Sat Mar 21, 2015, 08:45 PM

13. "There's no difference here."

You, two posts above.

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Response to okasha (Reply #13)

Sat Mar 21, 2015, 08:49 PM

14. Yeah, was just clarifying that poster's position.

We seem to be in agreement. Did you have a question/concern?

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Response to AtheistCrusader (Reply #14)

Sat Mar 21, 2015, 08:54 PM

16. You seem to be saying

that using the stove rather than a hot plate would have been safer, which contradicts your assertion of "no difference."

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Response to okasha (Reply #16)

Sat Mar 21, 2015, 10:00 PM

17. Oh, no I meant no difference from the religious 'no work' observance thing.

Stoves are safer than hot plates due to their fixed nature and more extensive UL testing. Also a fixed stove can't wander into the sink, or over underneath the drapery, or get knocked over by some fatass cat. Usually people pay attention to what sort of material a stove is installed on, but a hot plate can be set on anything.

But I doubt a UL rating means anything to a god. They operate the same. Input energy, output heat. A hot plate is just a small, portable, and in some cases, inherently dangerous stove.

The proscription is against working, so the operation of the two devices is the issue. They operate identically.

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Response to AtheistCrusader (Reply #17)

Sat Mar 21, 2015, 10:08 PM

19. Exactly.

Thanks for the clarification.

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Response to cleanhippie (Original post)

Sat Mar 21, 2015, 05:17 PM

2. No.

The lack of working smoke detectors (and perhaps a faulty hot plate) would more likely be the culprits. If religious beliefs played a part, then it wouldn't one have to fault religion for every accident that caused a death when one was going to or from church? Along those same lines, would religion be a causative agent for deaths which occur when places of worship are bombed, attacked, etc? I think not, but that's just my opinion.

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Response to dgibby (Reply #2)

Sat Mar 21, 2015, 05:25 PM

4. no actually this would have been a specific religious rule (sabbath observance)

 

that resulted in acrobatics to keep food warm. So there is a direct connection here.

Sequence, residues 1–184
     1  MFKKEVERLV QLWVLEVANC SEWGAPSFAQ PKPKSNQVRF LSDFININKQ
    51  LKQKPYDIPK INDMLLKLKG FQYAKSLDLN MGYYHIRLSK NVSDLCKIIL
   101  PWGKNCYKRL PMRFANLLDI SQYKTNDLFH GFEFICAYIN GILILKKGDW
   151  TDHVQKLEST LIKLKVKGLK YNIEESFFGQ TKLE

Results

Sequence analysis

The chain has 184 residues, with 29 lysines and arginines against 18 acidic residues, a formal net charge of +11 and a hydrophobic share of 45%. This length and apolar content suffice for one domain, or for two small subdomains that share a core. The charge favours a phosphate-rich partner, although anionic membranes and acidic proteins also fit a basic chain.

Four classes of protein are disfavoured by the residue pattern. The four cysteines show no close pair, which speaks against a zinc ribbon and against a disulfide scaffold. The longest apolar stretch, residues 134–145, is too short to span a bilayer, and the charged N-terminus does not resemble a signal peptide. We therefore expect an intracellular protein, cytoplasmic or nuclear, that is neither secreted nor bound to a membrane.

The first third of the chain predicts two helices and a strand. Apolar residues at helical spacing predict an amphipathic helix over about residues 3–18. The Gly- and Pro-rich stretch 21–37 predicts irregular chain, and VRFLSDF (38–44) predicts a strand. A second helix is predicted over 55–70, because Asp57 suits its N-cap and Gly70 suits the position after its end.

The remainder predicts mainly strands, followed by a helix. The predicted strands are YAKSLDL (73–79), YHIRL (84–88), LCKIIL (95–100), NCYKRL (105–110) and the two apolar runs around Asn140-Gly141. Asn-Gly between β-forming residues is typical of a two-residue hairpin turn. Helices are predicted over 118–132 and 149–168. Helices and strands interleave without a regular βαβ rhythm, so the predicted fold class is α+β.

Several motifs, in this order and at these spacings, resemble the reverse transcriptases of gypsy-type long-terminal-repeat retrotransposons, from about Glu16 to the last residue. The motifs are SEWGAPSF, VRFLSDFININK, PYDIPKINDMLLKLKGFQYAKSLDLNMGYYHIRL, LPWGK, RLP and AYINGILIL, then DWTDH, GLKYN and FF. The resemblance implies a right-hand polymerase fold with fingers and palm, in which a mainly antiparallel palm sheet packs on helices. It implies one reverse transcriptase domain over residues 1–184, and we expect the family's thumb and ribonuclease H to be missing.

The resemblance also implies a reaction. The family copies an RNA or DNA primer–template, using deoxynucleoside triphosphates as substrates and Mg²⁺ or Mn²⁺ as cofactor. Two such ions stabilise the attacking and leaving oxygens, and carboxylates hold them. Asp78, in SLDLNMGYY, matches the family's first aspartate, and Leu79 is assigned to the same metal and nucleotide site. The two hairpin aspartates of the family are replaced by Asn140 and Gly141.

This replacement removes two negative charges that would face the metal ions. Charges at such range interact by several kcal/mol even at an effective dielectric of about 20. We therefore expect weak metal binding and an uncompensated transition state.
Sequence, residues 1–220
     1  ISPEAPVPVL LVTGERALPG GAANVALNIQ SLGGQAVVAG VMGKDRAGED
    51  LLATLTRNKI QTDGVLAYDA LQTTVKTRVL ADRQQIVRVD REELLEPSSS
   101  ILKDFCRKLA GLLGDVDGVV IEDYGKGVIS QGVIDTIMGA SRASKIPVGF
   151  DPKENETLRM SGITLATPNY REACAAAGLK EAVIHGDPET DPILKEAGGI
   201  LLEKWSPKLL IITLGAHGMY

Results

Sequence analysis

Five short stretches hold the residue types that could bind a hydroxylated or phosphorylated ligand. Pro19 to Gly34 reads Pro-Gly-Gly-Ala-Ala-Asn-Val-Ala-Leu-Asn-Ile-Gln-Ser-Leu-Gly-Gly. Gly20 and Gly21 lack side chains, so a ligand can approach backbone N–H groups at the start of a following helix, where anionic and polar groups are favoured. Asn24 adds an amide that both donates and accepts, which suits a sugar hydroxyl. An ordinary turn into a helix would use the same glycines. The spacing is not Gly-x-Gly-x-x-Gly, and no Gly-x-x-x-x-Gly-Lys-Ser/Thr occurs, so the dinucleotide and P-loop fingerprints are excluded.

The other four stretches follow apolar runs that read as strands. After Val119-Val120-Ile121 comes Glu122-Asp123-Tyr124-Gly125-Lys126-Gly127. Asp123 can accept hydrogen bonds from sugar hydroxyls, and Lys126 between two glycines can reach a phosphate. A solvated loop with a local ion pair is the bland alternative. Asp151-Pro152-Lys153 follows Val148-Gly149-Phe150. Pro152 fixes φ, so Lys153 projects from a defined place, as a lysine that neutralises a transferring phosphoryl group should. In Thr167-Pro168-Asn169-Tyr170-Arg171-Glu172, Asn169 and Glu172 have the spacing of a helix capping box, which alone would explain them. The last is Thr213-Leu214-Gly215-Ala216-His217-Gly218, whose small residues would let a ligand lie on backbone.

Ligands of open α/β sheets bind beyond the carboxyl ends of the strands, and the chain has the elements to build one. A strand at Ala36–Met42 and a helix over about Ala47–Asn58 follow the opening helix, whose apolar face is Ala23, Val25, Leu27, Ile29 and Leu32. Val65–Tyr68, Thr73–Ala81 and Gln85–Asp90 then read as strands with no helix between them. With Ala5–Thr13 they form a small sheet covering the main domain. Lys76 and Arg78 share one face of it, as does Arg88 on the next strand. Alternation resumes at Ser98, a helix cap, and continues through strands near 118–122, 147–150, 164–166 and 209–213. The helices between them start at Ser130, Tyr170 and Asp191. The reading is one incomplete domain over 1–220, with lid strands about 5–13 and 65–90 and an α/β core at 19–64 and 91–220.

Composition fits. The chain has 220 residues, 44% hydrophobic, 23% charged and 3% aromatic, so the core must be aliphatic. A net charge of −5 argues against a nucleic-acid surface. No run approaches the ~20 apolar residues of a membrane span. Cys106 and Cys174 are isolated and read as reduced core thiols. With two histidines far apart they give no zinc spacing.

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Response to cleanhippie (Original post)

Sat Mar 21, 2015, 05:41 PM

6. How would you prevent it?

What do you think we should say to families like this that you think will get them to change their religious beliefs?

(There are other ways of preventing tragedies like this, of course, like safer hot plates, or better fire safety mechanisms, or alternatives for keeping food warm.)

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Response to AtheistCrusader (Reply #9)

Sat Mar 21, 2015, 08:52 PM

15. That's not the issue.

The Shabbos rule has to do with when the device is turned on, not its design.

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Response to okasha (Reply #15)

Sat Mar 21, 2015, 10:03 PM

18. Right. And from an operation stand point, they are identical.

That's why I'm offering comparisons between the two devices from an operations standpoint. (Granted , an induction stove is high-end, but I'm making no assumptions about their income/affluence, they could have a $10,000 configurable-burner induction surface for all I know.)

(My oven has a configurable digital 'sabbath' lockout. WTF. It would be nice if I could engage the oven door lock for other config reasons, as a child safety feature, but no. Just Sabbath stuff.)

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Response to AtheistCrusader (Reply #18)

Sat Mar 21, 2015, 10:11 PM

20. I wonder if the family had a gas stove, though.

I think I might consider the hot plate more likely to be safe in that case.

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Response to okasha (Reply #20)

Sat Mar 21, 2015, 10:31 PM

21. Hmm.

My guess would be 'cheaper' in that case. Keeping a gas burner on 'low' is pretty safe, depending on the antiquity of the stove. But it could be expensive in fuel.

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Response to cleanhippie (Original post)

Sat Mar 21, 2015, 08:24 PM

12. I was going to say that the family could of used a Shabbos Goy

but after doing some reading on the types of tasks they are allowed to perform I think I'm mistaken. It's more complex than I originally thought.